Friargate Meeting House, Friargate, York, England

Friargate Meeting House, Friargate, York, England

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Mystery Worshipper:
Church: Friargate Meeting House
Location: Friargate, York, England
Date of visit: Sunday, 11 July 2010, 10:30am

The building

A large plain brick building with covered porch in a quieter part of central York. The current building at Friargate was opened in 1981, but the first meeting house in York was opened in 1674.

The church

Friargate appears to be a very active meeting. In addition to the Sunday meeting, there are activities during the week and children's groups for pre-school, primary and secondary school students. They make their rooms available for hire, providing fair trade tea, coffee and catering upon request, as well as wireless internet connectivity.

The neighborhood

Friargate is located between Castlegate and Clifford Street and is nearly opposite York Dungeon, a tourist attraction where actors recreate some of history's more unpleasant moments; and the Gallery nightclub, a large venue featuring multiple rooms and bars. The impressive York Minster, seat of the Archbishop of York, is a short distance away.

The cast

The Quakers do not have an ordained ministry. Members of the congregation may speak at the meetings "as led by the Spirit."

What was the name of the service?


How full was the building?

About three-quarters full, nearly 100 people.

Did anyone welcome you personally?

Yes. A woman greeted me with a smile, a handshake and a question about where I was from. She then introduced me to someone else who was a visitor. I felt thoroughly welcomed; lots of talk before the silence.

Was your pew comfortable?

I sat in a reasonably comfortable chair, which became a little hard after an hour of just sitting there. There were some wooden pews at the back which I carefully avoided.

How would you describe the pre-service atmosphere?

There was no noise, apart from people coming in and sitting down. On entering the meeting room, I saw that worship was already happening and we seamlessly slipped into the time of worship.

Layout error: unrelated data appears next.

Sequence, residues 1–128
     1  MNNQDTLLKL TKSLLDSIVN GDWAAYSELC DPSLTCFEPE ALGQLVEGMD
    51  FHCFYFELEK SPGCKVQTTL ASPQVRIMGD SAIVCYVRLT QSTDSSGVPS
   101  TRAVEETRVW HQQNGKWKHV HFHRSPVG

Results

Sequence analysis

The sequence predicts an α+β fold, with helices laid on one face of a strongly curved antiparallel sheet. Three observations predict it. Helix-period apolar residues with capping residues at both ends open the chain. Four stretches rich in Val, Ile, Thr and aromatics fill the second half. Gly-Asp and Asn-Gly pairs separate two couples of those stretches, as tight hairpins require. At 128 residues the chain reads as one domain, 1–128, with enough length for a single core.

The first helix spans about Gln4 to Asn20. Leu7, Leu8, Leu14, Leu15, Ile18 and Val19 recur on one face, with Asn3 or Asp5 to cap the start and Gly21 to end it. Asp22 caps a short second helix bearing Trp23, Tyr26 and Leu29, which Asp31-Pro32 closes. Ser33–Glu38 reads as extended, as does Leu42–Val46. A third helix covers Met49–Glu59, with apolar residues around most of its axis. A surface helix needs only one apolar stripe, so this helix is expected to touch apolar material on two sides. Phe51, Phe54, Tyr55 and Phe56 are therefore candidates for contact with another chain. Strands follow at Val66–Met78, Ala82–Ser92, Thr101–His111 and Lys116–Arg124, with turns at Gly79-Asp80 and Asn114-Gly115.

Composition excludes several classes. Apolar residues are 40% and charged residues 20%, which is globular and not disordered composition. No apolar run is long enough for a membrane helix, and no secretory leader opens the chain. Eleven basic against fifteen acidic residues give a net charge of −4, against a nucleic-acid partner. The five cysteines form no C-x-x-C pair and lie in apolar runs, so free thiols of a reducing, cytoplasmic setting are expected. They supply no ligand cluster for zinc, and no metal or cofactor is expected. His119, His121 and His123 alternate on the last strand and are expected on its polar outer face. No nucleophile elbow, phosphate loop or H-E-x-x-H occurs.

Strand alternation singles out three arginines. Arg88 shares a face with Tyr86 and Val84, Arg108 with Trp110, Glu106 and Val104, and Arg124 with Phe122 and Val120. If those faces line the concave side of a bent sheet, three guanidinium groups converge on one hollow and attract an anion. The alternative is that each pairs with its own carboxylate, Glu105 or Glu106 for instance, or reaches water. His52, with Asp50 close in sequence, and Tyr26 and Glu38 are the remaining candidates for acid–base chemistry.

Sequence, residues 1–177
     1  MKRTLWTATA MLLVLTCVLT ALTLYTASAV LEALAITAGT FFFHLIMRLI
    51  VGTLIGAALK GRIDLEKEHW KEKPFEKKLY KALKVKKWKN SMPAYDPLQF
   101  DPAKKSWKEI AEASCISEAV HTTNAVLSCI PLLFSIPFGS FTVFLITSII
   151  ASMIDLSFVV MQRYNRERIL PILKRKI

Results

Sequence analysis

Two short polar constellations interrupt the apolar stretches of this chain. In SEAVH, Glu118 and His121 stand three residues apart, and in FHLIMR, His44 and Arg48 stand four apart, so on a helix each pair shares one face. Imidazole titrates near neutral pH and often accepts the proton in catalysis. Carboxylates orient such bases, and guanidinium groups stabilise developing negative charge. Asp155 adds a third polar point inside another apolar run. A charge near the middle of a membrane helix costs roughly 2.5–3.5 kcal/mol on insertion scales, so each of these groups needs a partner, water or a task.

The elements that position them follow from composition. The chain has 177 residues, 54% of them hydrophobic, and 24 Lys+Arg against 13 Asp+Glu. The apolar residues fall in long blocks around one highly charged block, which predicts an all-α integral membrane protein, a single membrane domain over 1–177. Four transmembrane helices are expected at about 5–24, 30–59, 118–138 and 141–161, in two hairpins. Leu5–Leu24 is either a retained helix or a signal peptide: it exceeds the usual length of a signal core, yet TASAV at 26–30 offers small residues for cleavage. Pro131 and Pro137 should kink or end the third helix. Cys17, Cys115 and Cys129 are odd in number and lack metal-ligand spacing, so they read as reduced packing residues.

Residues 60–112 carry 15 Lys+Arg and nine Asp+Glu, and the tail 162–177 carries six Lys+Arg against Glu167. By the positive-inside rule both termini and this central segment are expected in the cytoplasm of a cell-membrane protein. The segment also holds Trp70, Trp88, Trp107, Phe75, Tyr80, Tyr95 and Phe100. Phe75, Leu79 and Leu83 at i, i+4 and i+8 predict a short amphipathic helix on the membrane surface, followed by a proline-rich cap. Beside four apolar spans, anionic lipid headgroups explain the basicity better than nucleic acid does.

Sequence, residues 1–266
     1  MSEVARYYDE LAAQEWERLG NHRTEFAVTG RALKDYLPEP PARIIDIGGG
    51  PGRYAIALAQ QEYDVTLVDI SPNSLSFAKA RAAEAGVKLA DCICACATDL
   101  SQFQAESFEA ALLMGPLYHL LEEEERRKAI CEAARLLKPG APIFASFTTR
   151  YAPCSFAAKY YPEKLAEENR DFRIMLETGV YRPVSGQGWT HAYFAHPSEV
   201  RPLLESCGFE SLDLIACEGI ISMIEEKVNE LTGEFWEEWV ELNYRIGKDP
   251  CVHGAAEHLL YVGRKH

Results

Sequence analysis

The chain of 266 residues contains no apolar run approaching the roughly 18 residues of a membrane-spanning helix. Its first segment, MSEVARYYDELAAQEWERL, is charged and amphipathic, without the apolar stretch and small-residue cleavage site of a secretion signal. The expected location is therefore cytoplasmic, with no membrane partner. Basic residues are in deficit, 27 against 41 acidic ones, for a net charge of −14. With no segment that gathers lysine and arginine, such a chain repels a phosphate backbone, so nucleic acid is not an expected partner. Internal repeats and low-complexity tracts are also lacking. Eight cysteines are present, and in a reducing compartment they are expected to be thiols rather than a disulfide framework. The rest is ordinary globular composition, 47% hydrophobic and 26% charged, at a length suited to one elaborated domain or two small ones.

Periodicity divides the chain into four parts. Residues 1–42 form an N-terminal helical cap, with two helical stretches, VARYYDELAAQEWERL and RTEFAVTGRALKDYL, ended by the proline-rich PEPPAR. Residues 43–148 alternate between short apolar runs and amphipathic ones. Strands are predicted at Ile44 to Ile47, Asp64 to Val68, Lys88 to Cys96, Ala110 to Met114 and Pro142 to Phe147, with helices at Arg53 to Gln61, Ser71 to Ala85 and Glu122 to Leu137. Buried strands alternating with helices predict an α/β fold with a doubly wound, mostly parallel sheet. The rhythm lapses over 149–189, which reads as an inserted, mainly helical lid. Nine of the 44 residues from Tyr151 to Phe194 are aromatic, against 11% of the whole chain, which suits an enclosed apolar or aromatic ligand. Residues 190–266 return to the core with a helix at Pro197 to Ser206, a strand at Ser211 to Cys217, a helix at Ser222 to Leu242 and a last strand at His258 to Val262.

What were the exact opening words of the service?

There were none.

What books did the congregation use during the service?

None, but copies of various editions of the Bible were available in the seats.

What musical instruments were played?


Did anything distract you?

Just under half-way through the service, a bird made a terrible noise at the window. Everyone jumped. It had obviously become caught inside and couldn't get out. One of the congregation opened the window after a minute or two to let the bird out. After a while, it managed to escape to freedom.

Was the worship stiff-upper-lip, happy clappy, or what?

Very quiet and reverent. We were allowed to make the worship whatever we wanted. Wonderful! Apart from the children going after 15 minutes and the occasional speaker getting up, little activity happened.

Exactly how long was the sermon?

No sermon (but see below).

In a nutshell, what was the sermon about?

Three people spoke in lieu of a sermon. The first read from the Quaker book, Advices and Queries. It was about being alert to discrimination throughout the world and seeking to understand the growing causes of injustice, social unrest and fear. Shortly afterwards, another speaker reflected on this by speaking of us working together and sowing seeds, even if we don't see the results in our experience or our lifetimes. The third person spoke beautifully about the bird that briefly joined us in the meeting. She said it was a bird of peace. She suggested it represented us by being caught in the meeting and either not wanting to, or being unable to, go into the outside world to take the Christian message. Someone may need to help us go there.

Which part of the service was like being in heaven?

The silence was heavenly. I found the reflection on the bird, thanks to that inadvertent but wonderful visual aid, quite holy, and beautifully constructed. I find the Quakers often possess a deep sense of spirituality, and this came across powerfully at the meeting. After the service finished with the traditional handshake, there were a series of notices about future events and a report of a regional meeting. Not sure this was heavenly but mighty interesting!

And which part was like being in... er... the other place?

A creaking door. One or two people came in late and someone left after a coughing fit. Also that bit where people are invited to say where they are from. For a non-Quaker, it felt a little uneasy as most were bringing greetings from other meetings.

What happened when you hung around after the service looking lost?

A few people came up and spoke to me. I felt very welcome and was glad I stayed. I wonder if this is what they mean by Yorkshire hospitality.

How would you describe the after-service coffee?

Great cup of tea. No sign to say if it was fairly traded, but there was a Traidcraft stall in the other room so I suspect it was.

How would you feel about making another visit (where 10 = ecstatic, 0 = terminal)?

9 – I could happily make this my regular church. It was friendly and many members exuded a spirituality that is very seductive. However, I would rather be an occasional Quaker. I loved the silence, but also want to experience other worship styles.

Did the service make you feel glad to be a Christian?

Very much so.

What one thing will you remember about all this in seven days' time ?

The holy silence – and that bird!

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